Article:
1B Gil Hodges, 2B Jackie Robinson, SS Pee Wee Reese, 3B Billy Cox
Robinson was a dominant player and, in his prime, hitting.338, scoring 106 runs and earning an OPS+ score of 154. Hodges’ OPS+ was 138 thanks to his 40 homers, 93 walks and 118 runs. Reese was a great shortstop and scored 94 runs. Cox was considered a great gloveman at his time. This was a great infield, even though the Giants did win the pennant that year.
1B Steve Garvey, 2B Davey Lopes, SS Bill Russell, 3B Ron Cey
Their nine-year partnership saw them play together in a record nine seasons straight together. Although the Dodgers did not make the playoffs in 1979, it was still the most successful statistical season for this highly decorated group. Garvey, Lopes, and Cey each hit 28 homers that season; Lopes scored an impressive 109 runs, and in keeping with his reputation of knowing how to steal bases, Lopes stole 44 bases in 48 attempts.
1B Bill Terry, 2B Hughie Critz, SS Travis Jackson, 3B Freddie Lindstrom
Terry was able to hit.401 in that season, and Lindstrom was.379, Jackson.339 respectively. Terry and Lindstrom combined to score 266 runs. Critz was seen as a solid defensive player, which is not surprising considering his low offensive production. John McGraw, Hall of Fame manager, was actually playing him because of this.
1B Dean Chance, 2B Johnny Evers, SS Joe Tinker, 3B Harry Steinfeldt
Chance was part of what was once the most remarkable double-play combination in baseball history.
Joe Tinker was shortstop, Johnny Evers at second and Dean Chance was at first to turn the almost mythical by-now double play.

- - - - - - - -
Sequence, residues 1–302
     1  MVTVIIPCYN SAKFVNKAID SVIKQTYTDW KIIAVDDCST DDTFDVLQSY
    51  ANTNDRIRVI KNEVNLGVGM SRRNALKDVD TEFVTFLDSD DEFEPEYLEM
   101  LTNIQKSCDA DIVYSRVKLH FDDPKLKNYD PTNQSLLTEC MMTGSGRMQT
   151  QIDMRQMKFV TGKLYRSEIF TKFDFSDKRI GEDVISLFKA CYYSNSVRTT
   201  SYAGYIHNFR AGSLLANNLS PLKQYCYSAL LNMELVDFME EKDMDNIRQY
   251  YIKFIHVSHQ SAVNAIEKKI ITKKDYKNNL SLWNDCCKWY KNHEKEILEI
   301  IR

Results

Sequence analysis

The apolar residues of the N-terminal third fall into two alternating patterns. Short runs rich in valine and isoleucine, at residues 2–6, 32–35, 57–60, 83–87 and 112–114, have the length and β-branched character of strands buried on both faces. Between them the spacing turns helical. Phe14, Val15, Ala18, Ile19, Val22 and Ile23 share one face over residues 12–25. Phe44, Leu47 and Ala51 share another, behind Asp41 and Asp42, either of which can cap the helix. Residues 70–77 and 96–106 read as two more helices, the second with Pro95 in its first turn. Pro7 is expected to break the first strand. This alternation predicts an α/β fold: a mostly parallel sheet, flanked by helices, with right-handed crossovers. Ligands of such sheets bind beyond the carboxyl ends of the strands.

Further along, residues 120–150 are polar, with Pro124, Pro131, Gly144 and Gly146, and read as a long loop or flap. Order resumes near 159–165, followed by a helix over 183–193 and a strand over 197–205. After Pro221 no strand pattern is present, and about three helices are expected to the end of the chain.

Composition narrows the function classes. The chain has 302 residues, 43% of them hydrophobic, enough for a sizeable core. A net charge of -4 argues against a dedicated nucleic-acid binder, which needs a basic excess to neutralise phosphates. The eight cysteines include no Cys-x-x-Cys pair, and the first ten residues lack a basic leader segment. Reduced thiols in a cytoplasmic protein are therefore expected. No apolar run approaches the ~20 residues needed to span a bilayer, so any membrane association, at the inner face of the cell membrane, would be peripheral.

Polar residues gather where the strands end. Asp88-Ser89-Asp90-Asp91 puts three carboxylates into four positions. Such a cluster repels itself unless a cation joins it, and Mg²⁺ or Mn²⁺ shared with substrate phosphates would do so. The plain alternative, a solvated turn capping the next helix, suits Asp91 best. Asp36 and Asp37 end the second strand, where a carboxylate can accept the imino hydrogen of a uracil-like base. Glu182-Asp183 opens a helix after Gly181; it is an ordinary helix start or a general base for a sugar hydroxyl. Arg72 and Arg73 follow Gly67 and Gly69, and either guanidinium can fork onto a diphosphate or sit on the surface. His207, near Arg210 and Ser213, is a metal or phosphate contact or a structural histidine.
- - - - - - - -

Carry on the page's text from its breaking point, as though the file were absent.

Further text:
One hundred double plays were the most a trio has ever made in a single season.
Hall of Famer: Evers, Tinker, and Chance.
Joe Tinker’s lifetime batting average was.262, and his lifetime fielding percentage was.938.
Johnny Evers batted at.270 and had a.955 fielding rate.
Harry Steinfeldt was a good third baseman in 1906. He hit.327 and stole 29 base runs, but he was only involved in 13 double plays and was not included in Franklin P. Adams’ poem.
1B Boog Powell, 2B Davey Johnson, SS Mark Belanger, 3B Brooks Robinson
For a while, this group was quite good. Powell’s OPS+ was 138 in 1971, and Johnson, who was a rare second baseman of that era with power, had an OPS+ score of 125. Robinson and Belanger were considered the best defensive players in their respective positions at that time. Robinson won his 12th of 16 Gold Gloves, while Belanger won his second Gold Glove Award.
The Orioles would make it to the World Series and lose in seven games to the Pittsburgh Pirates.
1B Carlos Pena, 2B Ben Zobrist, SS Jason Bartlett, 3B Evan Longoria
This Rays team was among ten teams with three infielders that generated at least 5 WAR (using the Baseball Reference edition) — Zobrist, Bartlett, and Longoria. Zobrist had an OPS of.948 and a.405 base percentage. Longoria had 77 extra bases hits, 100 runs, and 113 RBIs. Bartlett had the most successful year of his career. He hit.320 with a.389 on-base percentage, while also stealing 30 bases in 37 attempts. Pena’s WAR was only 2.8. However, this was deceivingly low considering his importance to that lineup. He hit 39 homers and drew an impressive 87 walks.
The whole infield was outstanding defensively, with Longoria winning the Gold Glove.
1B John Olerud, 2B Edgardo Alfonzo, SS Rey Ordonez, 3B Robin Ventura
While errors are not always a reliable indicator of infield play, the ’99 Mets were incredibly efficient. The starting four made a total of 27 errors, which was why the pitching staff allowed 20 unearned runs. This is amazing! This is still the greatest defensive season by a team in any one season. It was the biggest reason the Mets advanced all the way to the World Series.